'The life held within that comma'
One symbol in the Apostles' Creed represents Jesus’ entire life and ministry. Baptist ministers help Greenbelt festival-goers delve deeper by focusing on it. By Sarah Stone
“born of the Virgin Mary ,
suffered under Pontius Pilate…”
'We think this comma is an inadequate description of the life of Jesus,' says David Benjamin Blower, explaining that the symbol 'so often reduces Christ’s life and ministry to a footnote'.
But rather than seeking to alter or reject the Creed, David, a writer, musician and community theologian, and three Baptist ministers, have organised an event that attempts to add creatively to it.
Held over three days, Christ of the Comma combines stories, song, poetry, prayer and discussion to challenge those present to think about the life held within that comma. In each session, people are encouraged to read the Creed, and take a pause of up to a minute at the comma. They are invited to reflect on Jesus' life - a life defined by peace, justice, solidarity and the Kingdom - and think about what it means for us today.
David’s soulful, reflective songs about Jesus’ life, being good news and our reluctance to walk with Jesus in his suffering, are interspersed with reflections and stories from Baptist ministers Alexandra Ellish and Juliet Kilipin (of Urban Expression), and Peter Atkins, a Baptist minister on the Isle of Bute who also represents the Anabaptist Network.
One particularly poignant story is of a young man called John from Afghanistan, who Juliet met through her work in the Jungle in Calais (pictured below). She got to know John over a series of months, as he became more and more involved in the life of the Jungle while waiting for permission to join his brother in the UK. When he was finally granted asylum here, she went to meet him in London. On arrival, John was taken aback by the presence of rough sleepers, and British people’s apparent indifference to them.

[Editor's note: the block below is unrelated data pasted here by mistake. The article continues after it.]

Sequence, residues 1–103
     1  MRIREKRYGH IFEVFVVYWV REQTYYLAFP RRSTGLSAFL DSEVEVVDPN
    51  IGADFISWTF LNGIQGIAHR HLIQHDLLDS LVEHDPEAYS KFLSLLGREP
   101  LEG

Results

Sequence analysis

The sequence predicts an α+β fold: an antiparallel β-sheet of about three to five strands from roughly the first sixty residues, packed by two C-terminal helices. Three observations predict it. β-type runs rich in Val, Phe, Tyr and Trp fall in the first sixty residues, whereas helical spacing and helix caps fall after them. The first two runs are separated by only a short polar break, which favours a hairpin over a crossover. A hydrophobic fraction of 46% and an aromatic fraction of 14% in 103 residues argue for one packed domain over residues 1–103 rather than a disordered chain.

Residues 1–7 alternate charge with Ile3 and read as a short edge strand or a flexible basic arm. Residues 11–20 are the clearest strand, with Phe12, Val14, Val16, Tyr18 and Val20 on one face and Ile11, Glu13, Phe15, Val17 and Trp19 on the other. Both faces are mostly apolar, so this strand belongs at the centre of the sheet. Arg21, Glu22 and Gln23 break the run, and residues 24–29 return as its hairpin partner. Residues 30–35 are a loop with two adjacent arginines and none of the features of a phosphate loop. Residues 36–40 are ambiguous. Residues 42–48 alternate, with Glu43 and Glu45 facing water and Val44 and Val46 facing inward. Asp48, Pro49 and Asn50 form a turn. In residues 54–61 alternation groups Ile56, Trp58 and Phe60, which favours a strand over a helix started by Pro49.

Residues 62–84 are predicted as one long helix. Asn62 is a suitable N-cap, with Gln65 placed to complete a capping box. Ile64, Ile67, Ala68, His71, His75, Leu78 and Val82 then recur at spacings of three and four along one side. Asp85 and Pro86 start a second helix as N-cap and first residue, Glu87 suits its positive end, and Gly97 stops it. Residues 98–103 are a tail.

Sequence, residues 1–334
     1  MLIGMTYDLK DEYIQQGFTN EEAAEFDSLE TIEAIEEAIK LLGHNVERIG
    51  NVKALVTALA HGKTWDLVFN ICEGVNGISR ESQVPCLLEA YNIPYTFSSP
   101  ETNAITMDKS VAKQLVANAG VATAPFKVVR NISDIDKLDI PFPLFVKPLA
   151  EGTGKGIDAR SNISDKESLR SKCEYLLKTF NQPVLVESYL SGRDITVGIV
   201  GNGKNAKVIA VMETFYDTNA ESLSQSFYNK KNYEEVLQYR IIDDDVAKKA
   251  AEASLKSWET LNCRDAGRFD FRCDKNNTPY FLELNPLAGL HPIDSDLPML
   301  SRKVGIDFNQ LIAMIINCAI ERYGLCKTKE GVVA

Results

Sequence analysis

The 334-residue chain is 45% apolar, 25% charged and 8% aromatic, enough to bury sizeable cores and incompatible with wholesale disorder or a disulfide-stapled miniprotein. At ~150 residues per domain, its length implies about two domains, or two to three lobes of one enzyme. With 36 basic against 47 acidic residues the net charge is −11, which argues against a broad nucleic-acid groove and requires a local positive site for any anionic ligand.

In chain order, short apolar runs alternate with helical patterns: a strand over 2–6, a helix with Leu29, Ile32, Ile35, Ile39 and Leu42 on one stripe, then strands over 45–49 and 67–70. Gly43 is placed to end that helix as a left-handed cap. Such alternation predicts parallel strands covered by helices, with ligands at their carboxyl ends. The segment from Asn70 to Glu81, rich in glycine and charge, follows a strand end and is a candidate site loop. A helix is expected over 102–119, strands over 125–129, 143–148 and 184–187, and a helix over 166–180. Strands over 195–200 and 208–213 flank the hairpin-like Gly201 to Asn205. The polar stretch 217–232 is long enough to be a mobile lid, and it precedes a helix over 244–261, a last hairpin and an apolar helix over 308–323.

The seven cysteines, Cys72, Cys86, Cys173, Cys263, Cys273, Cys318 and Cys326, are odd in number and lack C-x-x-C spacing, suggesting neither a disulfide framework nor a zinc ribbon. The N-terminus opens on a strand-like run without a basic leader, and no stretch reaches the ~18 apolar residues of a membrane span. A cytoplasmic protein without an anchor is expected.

‘In the Jungle, no-one sleeps on the streets,’ says Juliet. Despite horrible, cramped conditions, residents always find a bed for new refugees arriving in Calais, even though it means sacrificing what little they have. John couldn’t believe that people were sleeping rough in the UK – such a wealthy nation. His shock made Juliet notice – something she challenged her listeners to do, too.
In Matthew 25: 34-40, Jesus clearly states that what we do for the poor, we do for him. What would change in our lives if we were to treat every human in need as if they were Jesus? Finding Jesus in John’s story is easy in many ways, as attendees discovered in group discussions – and remembering his example between his birth and crucifixion proves a great way to meditate on how to be (and wash) his hands and feet in our own communities.
The Christ of the Comma sessions left a challenge to see the world through new eyes. To pause in our confessions of faith to remember the example and teaching of Jesus’ life, as well as his death. To eat with our enemies, to feed the hungry, and to make Jesus king over all areas of our lives.
Comma | Pixabay
Juliet Kilpin | Sarah Stone
Sarah Stone is a freelance writer and works as an editor at a Christian mission organisation. She reviewed Greenbelt 2017 for The Baptist Times.